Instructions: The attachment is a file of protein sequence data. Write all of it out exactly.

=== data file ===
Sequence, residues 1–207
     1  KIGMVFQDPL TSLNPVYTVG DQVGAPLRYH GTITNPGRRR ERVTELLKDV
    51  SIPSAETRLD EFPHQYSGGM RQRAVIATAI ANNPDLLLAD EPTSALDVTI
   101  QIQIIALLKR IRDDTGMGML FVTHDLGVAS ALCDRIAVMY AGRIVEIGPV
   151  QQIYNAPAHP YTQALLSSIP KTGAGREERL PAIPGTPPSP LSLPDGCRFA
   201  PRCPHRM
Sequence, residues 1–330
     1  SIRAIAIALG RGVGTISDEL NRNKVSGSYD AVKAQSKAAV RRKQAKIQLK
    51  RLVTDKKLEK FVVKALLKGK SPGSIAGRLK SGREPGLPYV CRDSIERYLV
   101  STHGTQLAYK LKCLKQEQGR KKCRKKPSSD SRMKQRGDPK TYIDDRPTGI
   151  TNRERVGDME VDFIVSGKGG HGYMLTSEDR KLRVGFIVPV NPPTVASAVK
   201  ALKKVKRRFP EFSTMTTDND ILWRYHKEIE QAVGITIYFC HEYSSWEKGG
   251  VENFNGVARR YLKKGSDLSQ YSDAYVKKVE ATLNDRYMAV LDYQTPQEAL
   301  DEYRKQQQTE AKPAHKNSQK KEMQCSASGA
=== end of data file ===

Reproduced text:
Sequence, residues 1–207
     1  KIGMVFQDPL TSLNPVYTVG DQVGAPLRYH GTITNPGRRR ERVTELLKDV
    51  SIPSAETRLD EFPHQYSGGM RQRAVIATAI ANNPDLLLAD EPTSALDVTI
   101  QIQIIALLKR IRDDTGMGML FVTHDLGVAS ALCDRIAVMY AGRIVEIGPV
   151  QQIYNAPAHP YTQALLSSIP KTGAGREERL PAIPGTPPSP LSLPDGCRFA
   201  PRCPHRM
Sequence, residues 1–330
     1  SIRAIAIALG RGVGTISDEL NRNKVSGSYD AVKAQSKAAV RRKQAKIQLK
    51  RLVTDKKLEK FVVKALLKGK SPGSIAGRLK SGREPGLPYV CRDSIERYLV
   101  STHGTQLAYK LKCLKQEQGR KKCRKKPSSD SRMKQRGDPK TYIDDRPTGI
   151  TNRERVGDME VDFIVSGKGG HGYMLTSEDR KLRVGFIVPV NPPTVASAVK
   201  ALKKVKRRFP EFSTMTTDND ILWRYHKEIE QAVGITIYFC HEYSSWEKGG
   251  VENFNGVARR YLKKGSDLSQ YSDAYVKKVE ATLNDRYMAV LDYQTPQEAL
   301  DEYRKQQQTE AKPAHKNSQK KEMQCSASGA